Antennae: The Journal of Nature in Visual Culture, was founded in September 2006 by Giovanni Aloi, a London-based lecturer in history of art and media studies. The Journal combines a heightened level of academic scrutiny of animals in visual culture, with a less formal and more experimental format designed to cross the boundaries of academic knowledge, in order to appeal to diverse audiences including artists and the general public alike.
Ultimately, the Journal provides a platform and encourages the overlap of the professional spheres of artists, scientists, environmental activists, curators, academics, and general readers. It does so through an editorial mix that combines academic writing, interviews, informative articles, and discussions with an illustrated format, in order to grant accessibility to a wider readership.
Deliberately provocative and irreverent, whilst maintaining an academic edge, Antennae has, over the past two years, become an international point of reference for animal and environmental studies in the arts. With a readership spanning 34 countries, the Journal delivers downloadable issues, often over 80 pages each, featuring high-quality colour illustrations, on a quarterly basis, including occasional double-releases.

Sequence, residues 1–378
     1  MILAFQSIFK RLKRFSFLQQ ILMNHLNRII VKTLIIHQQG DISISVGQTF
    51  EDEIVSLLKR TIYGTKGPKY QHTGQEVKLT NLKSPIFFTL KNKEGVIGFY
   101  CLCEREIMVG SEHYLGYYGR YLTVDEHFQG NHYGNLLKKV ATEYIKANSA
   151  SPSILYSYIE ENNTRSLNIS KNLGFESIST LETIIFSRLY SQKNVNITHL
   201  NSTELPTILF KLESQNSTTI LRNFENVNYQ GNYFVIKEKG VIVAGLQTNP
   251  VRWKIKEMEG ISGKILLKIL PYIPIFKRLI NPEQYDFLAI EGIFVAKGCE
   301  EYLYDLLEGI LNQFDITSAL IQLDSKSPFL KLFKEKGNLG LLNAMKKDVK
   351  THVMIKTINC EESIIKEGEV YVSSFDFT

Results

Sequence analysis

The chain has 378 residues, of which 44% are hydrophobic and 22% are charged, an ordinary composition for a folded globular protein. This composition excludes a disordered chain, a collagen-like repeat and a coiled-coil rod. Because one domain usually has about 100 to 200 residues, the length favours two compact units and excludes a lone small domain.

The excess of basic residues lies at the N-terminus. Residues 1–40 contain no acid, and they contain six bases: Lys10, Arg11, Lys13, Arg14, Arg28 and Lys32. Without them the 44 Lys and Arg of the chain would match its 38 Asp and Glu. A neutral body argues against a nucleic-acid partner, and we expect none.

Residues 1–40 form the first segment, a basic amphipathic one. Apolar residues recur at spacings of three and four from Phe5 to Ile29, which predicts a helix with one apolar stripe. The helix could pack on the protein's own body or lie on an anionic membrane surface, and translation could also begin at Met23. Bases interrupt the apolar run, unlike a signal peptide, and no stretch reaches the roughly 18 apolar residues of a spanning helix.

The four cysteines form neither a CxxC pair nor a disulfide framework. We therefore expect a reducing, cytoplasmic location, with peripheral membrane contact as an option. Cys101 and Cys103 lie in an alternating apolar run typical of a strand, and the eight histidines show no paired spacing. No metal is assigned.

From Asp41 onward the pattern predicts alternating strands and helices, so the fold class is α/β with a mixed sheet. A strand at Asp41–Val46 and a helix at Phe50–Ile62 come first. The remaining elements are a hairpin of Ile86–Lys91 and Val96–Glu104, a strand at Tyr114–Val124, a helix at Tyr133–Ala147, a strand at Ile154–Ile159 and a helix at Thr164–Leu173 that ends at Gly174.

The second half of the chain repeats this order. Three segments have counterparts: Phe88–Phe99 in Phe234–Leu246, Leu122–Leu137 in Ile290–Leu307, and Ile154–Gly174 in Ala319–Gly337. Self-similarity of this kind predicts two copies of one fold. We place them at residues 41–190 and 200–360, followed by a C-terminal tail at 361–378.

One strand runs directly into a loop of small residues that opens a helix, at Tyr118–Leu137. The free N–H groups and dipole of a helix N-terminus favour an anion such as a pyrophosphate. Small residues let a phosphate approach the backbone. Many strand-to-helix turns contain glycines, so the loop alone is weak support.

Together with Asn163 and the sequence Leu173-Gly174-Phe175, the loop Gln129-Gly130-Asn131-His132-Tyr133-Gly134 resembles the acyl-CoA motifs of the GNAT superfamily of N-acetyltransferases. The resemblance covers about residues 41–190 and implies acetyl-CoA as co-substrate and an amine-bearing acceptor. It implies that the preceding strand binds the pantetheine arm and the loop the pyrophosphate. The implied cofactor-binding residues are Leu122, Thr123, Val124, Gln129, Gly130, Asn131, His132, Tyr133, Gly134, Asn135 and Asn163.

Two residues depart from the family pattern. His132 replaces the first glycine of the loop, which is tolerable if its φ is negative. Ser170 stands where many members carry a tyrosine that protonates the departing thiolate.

Offering a mixture of academic writing, informative articles, and interviews with leading and underground artists, curators, scholars, film directors, scientists, and media producers, Antennae is effectively inviting participation in the animal studies debate by focusing on the increasing relevance of environmental studies and reframing mainstream perspectives on animals and humanism.
Main Aims and Objectives: